Wherein, rotation of the driving screw clockwise and counter clockwise functionally slides the slider upward and downward along the shell like component together with the shoulder straps belt of the backpack that are attached to the slider, thereby enabling elongation/shortening of the backpack shoulder straps length.

2. A driving screw based adjusting mechanism according to claim 1, wherein said driving screw is being threaded within the slider via a dedicated hole and secured to the shell like element by at least one holder.

3. A driving screw based adjusting mechanism according to claim 1, wherein the key is assembled onto the head of the driving screw while it is embedded within the shell like component and threaded into the slider; said key is configured to control the adjusting process of the backpack solder straps.

4. A driving screw based adjusting mechanism according to any of the preceding claims, wherein said key while being pulled up allows rotation of said driving screw and adjusting the length of the shoulder straps to the torso length of the wearer, and while being pushed down it allows fixation of the adjusted length of the shoulder straps.

5. A driving screw based adjusting mechanism according to any of the preceding claims, wherein said key produces a sound when rotating so as to provide indication about the extent of elongation/shortening performed in real time.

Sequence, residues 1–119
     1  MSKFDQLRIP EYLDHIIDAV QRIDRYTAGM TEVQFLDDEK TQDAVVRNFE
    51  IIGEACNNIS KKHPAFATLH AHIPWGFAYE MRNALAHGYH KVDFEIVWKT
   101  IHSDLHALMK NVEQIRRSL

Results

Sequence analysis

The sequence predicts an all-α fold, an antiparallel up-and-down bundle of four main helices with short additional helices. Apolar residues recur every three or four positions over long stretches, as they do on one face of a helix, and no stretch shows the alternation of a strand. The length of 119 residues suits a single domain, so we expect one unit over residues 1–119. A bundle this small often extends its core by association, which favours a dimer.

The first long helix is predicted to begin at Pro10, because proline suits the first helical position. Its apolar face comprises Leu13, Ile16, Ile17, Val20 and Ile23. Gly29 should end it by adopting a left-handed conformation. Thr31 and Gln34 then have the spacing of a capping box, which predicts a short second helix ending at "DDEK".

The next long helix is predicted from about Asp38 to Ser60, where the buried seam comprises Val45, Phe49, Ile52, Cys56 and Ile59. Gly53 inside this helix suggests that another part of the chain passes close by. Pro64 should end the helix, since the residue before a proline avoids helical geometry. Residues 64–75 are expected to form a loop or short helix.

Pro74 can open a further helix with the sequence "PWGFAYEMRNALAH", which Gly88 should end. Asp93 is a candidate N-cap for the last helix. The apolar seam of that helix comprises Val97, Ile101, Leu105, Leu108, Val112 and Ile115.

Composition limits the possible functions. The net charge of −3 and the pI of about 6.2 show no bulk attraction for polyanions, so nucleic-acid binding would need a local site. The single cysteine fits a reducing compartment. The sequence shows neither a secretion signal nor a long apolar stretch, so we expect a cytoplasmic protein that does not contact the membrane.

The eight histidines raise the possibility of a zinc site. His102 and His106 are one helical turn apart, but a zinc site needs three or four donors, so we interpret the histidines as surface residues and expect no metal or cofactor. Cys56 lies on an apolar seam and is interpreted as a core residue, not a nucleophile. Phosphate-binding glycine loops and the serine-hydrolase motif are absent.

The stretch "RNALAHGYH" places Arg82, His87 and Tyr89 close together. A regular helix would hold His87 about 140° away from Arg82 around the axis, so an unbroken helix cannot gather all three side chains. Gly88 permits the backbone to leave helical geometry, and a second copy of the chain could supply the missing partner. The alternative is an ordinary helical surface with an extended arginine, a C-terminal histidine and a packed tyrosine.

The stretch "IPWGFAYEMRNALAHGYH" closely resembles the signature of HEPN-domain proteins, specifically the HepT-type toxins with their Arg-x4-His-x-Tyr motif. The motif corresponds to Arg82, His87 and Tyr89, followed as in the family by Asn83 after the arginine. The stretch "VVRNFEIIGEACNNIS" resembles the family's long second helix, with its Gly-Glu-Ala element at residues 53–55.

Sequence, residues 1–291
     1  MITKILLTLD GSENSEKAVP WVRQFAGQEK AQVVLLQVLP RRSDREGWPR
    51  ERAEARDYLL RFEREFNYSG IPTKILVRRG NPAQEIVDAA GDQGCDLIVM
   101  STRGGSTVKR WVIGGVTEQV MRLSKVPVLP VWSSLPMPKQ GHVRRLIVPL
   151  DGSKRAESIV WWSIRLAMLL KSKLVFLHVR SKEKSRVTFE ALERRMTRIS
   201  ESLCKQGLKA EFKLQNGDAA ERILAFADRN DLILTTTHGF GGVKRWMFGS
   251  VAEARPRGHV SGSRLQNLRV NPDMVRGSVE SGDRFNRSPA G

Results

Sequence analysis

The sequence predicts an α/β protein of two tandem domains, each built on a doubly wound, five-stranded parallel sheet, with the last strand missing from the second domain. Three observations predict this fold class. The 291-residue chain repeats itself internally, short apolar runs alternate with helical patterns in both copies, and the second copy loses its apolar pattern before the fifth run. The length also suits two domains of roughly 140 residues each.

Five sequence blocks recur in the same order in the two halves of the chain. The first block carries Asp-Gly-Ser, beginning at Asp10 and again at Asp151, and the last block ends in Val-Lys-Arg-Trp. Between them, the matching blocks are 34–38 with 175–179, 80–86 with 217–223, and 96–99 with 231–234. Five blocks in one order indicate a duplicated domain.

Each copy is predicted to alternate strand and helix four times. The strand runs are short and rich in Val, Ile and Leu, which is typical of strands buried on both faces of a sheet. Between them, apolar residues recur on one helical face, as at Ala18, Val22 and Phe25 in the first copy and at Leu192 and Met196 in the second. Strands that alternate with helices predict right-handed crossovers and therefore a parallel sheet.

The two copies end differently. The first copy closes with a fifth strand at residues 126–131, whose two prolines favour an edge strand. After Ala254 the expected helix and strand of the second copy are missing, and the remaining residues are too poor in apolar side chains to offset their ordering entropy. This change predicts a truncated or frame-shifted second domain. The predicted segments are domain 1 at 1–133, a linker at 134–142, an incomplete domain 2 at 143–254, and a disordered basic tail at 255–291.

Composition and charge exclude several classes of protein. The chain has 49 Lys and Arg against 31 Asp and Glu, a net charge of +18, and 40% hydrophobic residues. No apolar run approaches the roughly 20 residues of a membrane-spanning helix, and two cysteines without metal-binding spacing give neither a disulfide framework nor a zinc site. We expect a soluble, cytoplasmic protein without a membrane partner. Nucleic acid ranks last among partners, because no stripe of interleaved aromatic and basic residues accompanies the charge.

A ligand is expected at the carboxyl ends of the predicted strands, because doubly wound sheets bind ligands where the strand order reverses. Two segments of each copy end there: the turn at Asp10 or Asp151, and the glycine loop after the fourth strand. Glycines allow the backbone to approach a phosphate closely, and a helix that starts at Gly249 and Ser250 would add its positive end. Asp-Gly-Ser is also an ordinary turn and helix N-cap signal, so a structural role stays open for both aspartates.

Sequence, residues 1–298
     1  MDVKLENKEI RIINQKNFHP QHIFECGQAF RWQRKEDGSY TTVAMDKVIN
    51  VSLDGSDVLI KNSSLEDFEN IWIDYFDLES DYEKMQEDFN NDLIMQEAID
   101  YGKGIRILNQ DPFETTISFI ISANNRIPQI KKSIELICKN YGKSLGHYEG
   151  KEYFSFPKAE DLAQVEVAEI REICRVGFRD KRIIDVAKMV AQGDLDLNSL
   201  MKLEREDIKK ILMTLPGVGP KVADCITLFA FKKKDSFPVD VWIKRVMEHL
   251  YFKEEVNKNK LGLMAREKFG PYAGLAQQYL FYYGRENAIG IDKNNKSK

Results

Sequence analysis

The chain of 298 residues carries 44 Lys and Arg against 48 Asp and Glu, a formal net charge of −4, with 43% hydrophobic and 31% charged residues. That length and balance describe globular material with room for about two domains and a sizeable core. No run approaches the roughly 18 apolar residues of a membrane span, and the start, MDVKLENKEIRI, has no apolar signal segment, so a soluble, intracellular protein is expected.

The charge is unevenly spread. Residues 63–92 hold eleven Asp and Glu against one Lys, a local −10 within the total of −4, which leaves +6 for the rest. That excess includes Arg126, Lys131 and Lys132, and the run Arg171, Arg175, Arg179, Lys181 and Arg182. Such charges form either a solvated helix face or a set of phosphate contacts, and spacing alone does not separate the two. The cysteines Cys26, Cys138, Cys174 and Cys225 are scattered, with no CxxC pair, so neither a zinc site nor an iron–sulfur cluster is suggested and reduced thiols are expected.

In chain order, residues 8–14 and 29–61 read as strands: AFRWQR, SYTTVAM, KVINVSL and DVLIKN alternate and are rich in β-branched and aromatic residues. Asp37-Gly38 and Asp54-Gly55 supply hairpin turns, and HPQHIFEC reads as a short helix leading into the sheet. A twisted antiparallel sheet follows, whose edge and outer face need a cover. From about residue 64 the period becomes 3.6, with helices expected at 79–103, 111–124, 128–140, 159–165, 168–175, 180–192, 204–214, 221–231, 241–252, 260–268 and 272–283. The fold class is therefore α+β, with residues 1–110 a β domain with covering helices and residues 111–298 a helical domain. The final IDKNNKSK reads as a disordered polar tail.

6. A driving screw based adjusting mechanism according to any of the preceding claims, wherein the adjustment of the shoulder straps length is controlled by the rotation direction (clockwise/counter clockwise) and the rotation cycles of the key.

7. A driving screw based adjusting mechanism according to claim 6, wherein each rotation cycle comprises at least two paces, each pace has a predefined length size, to ensure maximal adaptation of the shoulder straps length to the torso length of the wearer.

8. A driving screw based adjusting mechanism according to any of the preceding claims, wherein the shell like element comprises on its longitudinal axis two lateral protruding tips that serve as a rail on which the slider is latched onto; said slider comprises two complementary lateral tips configured to allow latching of the slider onto the shell like element so as to allow smooth movement of the slider together with the shoulder straps belt of the backpack attached thereto upon rotation of the driving screw.

9. A backpack having a driving screw based adjusting mechanism for adjusting the shoulders straps length to a torso length of a wearer according to claims 1- 8, wherein adjustment of the shoulder straps length may be performed while the backpack is full with content.